momentum scaling. The simulations were equilibrated

for 1.3 million time steps, and averages were taken for

around 400 000 time steps (where the time step is ∆t )

0.02σAA?m/?AA, with m being the particle mass; this step

is given only as a convenient measure of the length of the

simulation,andithasnoeffectonthedynamics.Typically,

multiple collisions will occur in a single ∆t).

(18) Del Rio, F.; Delonngi, D. A. Mol. Phys. 1985, 56, 691.

(19) Vega, L.; de Miguel, E.; Rull, L. F.; Jackson, G.; McLure, I. A.

J. Chem. Phys. 1992, 96, 2296.

(20) Chang, J.; Sandlar, S. I. Mol. Phys. 1994, 81, 745.

(21) Bolhuis, P.; Frenkel, D. Phys. Rev. Lett. 1994, 72, 2211.

(22) Asherie, N.; Lomakin, A.; Benedek, G. B. Phys. Rev. Lett. 1996,

77, 4832.

(23) Noro, M. G.; Frenkel, D. J. Chem. Phys. 2000, 113, 2941.

(24) Zaccarelli, E.; Foffi, G.; Dawson, K. A.; Sciortino, F.; Tartaglia,

P. Phys. Rev. E 2001, 63, 031501.

(25) Cui, J.; Elliot, J. R. J. Chem. Phys. 2001, 114, 7283.

(26) McCabe, C.; Gil-Villegas, A.; Jackson, G.; Del Rio, F. Mol. Phys.

1999, 97, 551.

(27) Lomakin, A.; Asherie, N.; Benedek, G. B. J. Chem. Phys. 1996,

104, 1646.

(28) Zhou, Y.; Karplus, M.; Ball, K. D.; Berry, R. S. J. Chem. Phys.

2002, 116, 2323.

(29) Zhou,Y.;Karplus,M.;Wichert,J.M.;Hall,C.K.J.Chem.Phys.

1997, 107, 10691.

(30) Allen, M. P.; Tildesley, D. J. Computer Simulation of Liquids;

Oxford University Press: Oxford, U.K., 1987.

∞, 0 < r < σ

-?, σ er < λσ

0, λσ er

(11)

γ )(

∂F

∂A)T,V,N

(12)

γ )Lz

2〈pzz-1

2(pxx+ pyy)〉

(13)

pR?) FkT +

1

V〈∑

i)1

N-1

∑

j>i

N

(rij)R(fij)?〉

(14)

pR?) FkT +

1

Vtsim∑

collisions

(rij)R(∆pij)?

(15)

4220

Langmuir, Vol. 21, No. 9, 2005Singh and Kofke

Page 4

The phase coexistence point was adjusted by varying

the overall composition of the system. A fixed number of

solventatoms(rangingfrom700to1000)andsoluteatoms

(from 300 to 0) were introduced, and the vapor and liquid

densities and compositions were permitted to adopt their

equilibriumvalues.Theresultingpressurewasmeasured

by averaging the virial.

III. Results and Discussion

We consider first a system in which the solute has no

attractiontothesolvent,sothatsolute-soluteandsolute-

solvent interactions are pure hard sphere. This system is

a true example of the inert gas that is sometimes

approximatedexperimentallywhenfocusingontheeffect

ofpressureonsurfacetension.Weexaminedthebehavior

for four temperaturessT (in units of ?AA/k) ) 1.0, 1.05,

1.1, and 1.15sand with solvent-solvent square-well

parameters λ ) 1.5 and 2.0 (in separate studies); we

present detailed results for the λ ) 1.5 case only, as the

results for λ ) 2.0 are qualitatively similar. Figure 1

presents a portion of a pressure-composition (p-xy)

coexistence diagram as determined using the vapor +

liquid simulations described above. The amount of hard-

sphere solute in the liquid phase is negligibly small.

The surface tension for the hard-sphere solute system

ispresentedasafunctionofpressureandtemperaturein

Figure2,alongwithdataforthepuresquare-wellsystem

takenfrompreviouswork.31Thetemperaturedependence

is as expected, with the surface tension decreasing

smoothlywithincreasingtemperature.Asforthepressure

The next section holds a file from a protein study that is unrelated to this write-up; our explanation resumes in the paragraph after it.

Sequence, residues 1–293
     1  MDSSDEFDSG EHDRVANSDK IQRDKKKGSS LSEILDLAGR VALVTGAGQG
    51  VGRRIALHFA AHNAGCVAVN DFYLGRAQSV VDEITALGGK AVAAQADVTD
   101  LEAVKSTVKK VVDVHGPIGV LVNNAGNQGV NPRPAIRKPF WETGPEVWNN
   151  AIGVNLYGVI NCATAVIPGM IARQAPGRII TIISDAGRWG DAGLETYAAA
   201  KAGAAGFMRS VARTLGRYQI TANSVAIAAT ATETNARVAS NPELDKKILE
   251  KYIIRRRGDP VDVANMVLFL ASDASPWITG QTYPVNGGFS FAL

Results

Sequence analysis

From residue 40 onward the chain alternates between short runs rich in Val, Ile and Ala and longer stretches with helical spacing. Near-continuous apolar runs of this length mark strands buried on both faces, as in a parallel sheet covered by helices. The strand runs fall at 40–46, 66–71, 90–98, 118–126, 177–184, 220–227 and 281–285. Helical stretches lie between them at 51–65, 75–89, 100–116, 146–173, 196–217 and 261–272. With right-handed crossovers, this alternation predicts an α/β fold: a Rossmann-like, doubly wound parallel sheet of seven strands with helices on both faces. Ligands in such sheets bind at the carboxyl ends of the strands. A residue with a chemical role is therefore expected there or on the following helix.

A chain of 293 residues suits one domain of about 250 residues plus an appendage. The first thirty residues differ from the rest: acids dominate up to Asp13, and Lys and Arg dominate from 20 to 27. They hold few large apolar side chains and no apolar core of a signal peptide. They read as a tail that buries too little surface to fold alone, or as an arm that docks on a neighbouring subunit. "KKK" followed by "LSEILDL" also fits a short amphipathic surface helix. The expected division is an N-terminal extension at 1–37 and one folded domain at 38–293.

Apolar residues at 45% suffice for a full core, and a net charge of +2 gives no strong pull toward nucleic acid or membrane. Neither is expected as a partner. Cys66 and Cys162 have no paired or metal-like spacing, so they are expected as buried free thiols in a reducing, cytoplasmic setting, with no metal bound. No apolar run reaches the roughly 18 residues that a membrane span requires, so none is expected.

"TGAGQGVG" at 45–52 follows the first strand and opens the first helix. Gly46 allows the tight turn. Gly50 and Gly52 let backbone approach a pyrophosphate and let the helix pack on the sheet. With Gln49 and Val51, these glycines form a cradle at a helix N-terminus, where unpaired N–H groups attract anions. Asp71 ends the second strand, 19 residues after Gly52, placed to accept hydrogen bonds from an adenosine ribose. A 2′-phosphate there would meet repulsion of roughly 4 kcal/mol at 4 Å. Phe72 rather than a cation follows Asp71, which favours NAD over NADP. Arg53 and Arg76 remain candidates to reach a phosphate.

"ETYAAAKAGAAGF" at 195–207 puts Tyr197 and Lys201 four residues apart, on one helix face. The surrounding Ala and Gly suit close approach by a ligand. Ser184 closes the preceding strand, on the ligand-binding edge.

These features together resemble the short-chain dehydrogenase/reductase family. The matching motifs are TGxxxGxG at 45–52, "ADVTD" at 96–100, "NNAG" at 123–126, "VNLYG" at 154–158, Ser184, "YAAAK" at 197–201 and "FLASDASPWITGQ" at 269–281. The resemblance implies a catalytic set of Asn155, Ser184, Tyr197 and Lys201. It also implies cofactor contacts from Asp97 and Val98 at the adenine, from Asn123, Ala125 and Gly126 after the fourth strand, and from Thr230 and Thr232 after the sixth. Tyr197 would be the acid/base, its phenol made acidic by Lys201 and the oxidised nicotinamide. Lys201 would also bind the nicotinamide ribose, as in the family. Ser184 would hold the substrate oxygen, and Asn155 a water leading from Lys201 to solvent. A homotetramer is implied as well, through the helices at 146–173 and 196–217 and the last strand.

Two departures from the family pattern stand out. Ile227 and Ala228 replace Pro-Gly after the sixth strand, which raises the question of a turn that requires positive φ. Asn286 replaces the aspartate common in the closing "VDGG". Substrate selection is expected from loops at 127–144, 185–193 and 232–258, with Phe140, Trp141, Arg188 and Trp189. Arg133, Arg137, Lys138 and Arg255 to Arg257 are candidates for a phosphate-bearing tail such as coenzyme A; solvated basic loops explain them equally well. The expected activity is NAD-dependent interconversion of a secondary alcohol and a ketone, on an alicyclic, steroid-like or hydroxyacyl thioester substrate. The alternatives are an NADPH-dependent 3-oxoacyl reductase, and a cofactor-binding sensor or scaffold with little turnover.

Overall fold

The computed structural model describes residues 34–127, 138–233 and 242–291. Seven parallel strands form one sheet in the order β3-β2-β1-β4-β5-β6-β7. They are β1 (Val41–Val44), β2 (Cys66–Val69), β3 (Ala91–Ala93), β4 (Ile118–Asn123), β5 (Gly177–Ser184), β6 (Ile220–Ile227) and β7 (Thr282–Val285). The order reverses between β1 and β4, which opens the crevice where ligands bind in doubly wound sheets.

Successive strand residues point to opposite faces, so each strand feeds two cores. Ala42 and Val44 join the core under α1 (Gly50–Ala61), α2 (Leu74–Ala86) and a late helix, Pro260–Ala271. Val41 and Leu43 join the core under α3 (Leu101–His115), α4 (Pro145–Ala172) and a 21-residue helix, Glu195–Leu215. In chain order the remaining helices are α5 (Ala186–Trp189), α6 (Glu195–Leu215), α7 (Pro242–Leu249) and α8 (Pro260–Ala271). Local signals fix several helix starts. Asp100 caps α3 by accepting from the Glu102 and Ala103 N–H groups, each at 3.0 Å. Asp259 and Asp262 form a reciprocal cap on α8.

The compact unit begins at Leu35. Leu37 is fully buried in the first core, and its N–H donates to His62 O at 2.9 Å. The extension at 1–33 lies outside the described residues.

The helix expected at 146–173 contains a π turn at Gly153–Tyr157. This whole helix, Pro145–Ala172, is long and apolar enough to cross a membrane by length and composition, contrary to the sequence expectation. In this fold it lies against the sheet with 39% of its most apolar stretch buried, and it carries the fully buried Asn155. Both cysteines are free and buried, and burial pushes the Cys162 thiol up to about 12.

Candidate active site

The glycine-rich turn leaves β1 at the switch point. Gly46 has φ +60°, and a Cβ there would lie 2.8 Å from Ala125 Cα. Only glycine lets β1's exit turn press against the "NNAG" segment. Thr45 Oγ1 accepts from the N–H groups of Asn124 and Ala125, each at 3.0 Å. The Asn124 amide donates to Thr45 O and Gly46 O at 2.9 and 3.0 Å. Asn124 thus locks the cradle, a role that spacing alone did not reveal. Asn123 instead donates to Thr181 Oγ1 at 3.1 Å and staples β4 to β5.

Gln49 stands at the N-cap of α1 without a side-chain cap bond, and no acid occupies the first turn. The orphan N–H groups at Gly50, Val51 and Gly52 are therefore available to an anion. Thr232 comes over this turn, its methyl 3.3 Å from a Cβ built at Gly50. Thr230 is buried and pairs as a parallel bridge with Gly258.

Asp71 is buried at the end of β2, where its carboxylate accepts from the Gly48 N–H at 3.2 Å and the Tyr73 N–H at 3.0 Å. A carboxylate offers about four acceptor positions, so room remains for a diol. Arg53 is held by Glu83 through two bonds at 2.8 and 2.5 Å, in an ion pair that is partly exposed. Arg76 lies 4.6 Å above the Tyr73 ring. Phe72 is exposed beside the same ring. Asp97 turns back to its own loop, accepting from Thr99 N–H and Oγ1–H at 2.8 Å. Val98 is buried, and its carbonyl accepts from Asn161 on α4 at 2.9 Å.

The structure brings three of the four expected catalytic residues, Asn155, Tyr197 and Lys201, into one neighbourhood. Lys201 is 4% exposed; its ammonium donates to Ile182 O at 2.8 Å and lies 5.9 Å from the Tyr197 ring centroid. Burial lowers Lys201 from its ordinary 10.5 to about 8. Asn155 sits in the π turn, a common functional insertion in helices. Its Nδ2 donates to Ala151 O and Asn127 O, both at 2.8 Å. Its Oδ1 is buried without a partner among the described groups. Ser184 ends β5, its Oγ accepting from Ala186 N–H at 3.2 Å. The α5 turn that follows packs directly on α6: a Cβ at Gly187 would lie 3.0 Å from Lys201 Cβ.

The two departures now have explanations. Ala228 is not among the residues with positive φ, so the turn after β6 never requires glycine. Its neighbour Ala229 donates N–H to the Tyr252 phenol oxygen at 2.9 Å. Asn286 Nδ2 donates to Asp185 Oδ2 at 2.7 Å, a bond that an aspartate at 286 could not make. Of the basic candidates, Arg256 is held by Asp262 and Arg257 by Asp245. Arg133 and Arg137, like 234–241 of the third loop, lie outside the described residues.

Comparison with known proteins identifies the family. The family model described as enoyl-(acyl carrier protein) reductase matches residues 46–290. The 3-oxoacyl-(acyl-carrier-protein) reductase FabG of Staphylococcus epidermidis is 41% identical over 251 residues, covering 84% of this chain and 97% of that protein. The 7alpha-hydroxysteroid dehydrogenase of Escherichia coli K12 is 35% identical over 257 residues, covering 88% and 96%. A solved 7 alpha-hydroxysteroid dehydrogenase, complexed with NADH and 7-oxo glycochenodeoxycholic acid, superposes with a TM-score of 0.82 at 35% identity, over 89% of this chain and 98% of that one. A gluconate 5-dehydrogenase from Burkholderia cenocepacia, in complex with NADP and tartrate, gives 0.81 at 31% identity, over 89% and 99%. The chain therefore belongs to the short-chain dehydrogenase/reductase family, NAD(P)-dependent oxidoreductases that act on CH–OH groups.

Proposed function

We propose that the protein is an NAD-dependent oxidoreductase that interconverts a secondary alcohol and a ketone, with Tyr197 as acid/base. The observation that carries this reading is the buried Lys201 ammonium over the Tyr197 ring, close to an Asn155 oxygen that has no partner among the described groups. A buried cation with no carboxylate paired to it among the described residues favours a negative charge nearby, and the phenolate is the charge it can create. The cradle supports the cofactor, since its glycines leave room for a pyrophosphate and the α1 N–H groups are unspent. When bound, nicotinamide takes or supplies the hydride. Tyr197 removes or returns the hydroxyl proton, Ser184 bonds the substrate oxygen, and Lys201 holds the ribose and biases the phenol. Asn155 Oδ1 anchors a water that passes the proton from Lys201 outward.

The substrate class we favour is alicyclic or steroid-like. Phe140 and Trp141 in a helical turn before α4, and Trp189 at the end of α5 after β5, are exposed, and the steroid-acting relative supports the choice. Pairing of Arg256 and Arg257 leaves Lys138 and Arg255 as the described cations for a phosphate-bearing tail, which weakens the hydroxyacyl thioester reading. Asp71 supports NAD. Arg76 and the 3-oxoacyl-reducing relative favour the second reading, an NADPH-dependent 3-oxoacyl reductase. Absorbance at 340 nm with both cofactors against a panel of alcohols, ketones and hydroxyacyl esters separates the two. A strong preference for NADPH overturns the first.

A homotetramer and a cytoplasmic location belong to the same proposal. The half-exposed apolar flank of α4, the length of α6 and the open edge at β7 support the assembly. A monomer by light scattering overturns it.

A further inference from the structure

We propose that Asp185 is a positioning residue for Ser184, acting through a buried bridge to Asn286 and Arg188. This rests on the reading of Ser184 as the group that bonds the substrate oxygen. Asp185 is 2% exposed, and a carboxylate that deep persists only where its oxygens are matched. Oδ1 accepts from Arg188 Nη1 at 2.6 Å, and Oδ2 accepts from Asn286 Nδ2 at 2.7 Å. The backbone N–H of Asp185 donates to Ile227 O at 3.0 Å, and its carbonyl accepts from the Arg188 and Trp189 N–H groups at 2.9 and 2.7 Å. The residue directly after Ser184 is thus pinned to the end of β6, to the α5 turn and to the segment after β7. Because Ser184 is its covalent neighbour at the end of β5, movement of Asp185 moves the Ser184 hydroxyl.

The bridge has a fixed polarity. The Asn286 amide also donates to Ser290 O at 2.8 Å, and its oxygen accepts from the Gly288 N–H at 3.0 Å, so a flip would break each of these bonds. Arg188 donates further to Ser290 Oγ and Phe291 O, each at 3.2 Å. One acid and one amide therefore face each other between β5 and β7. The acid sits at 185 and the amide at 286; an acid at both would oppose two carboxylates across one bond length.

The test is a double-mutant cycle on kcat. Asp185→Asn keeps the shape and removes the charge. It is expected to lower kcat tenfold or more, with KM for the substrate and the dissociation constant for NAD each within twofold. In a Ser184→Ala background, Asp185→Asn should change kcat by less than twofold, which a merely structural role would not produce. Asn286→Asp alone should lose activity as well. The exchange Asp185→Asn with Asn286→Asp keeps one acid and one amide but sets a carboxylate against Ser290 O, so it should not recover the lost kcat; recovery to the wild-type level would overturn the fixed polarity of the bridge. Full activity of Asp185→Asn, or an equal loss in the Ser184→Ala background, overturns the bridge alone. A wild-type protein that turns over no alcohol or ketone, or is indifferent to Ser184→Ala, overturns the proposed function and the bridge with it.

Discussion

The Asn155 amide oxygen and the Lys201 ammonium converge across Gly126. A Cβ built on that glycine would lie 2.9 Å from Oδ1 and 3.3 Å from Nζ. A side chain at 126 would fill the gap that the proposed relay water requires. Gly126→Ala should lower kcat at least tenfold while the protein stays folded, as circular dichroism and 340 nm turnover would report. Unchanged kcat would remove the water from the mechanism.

dependence,thissystemexhibitstheuncommonbehavior

in which surface tension increases with pressure. This

outcomecouldbeanticipatedonthebasisofthearguments

reviewed above, relating the pressure dependence to the

volume change accompanying the creation of interfacial

area (eq 2). For this system, an increase in area results

in an increase in volume (at fixed pressure), because the

new area takes liquid and moves it to the lower-density

interface. There is no competing effect of adsorption of

solute at the interface, because the solute is completely

inert. It would seem that this behavior is described well

through examination of the density and composition

profiles, which are presented in Figure 3 for T ) 1.0. It

is evident from the figure that there is indeed a marked

depletion of solute at the interface. The solvent mole

fraction in the vapor is significantly enhanced in the

vicinity of the interface (as defined by the density

variation). However, we will revisit this issue below and

find that the picture presented by Figure 3 gives an

inadequate representation of the relevant effects.

Figure 2 gives an indication of the slope τ ) (∂γ/∂p)T

accordingtotheHansen-Turkevich-Mannformulagiven

above as eq 8. The small lines on each data point indicate

the slope expected from the formula, and they show an

imperfectbutstillsatisfactoryagreementwiththeoverall

behavioroftheγversuspcurves.Thevaluesofτcomputed

this way are presented in Table 1. This quantity derives

its value from an imbalance between the number of

moleculesinthesystemversusthenumbergiveninterms

of the bulk densities, and consequently, its evaluation

requires precise knowledge of the bulk-phase densities

andthenumbersofmoleculesofeachspeciesinthephase.

Ofcourseinasimulation,themoleculenumbersareknown

exactly and the densities are given rather precisely also.

One might consider in this context how well this calcula-

tion could be completed using experimentally obtained

data. To aid in this evaluation, we have performed a

sensitivity analysis, in which we computed ∂ ln τ/∂ ln x,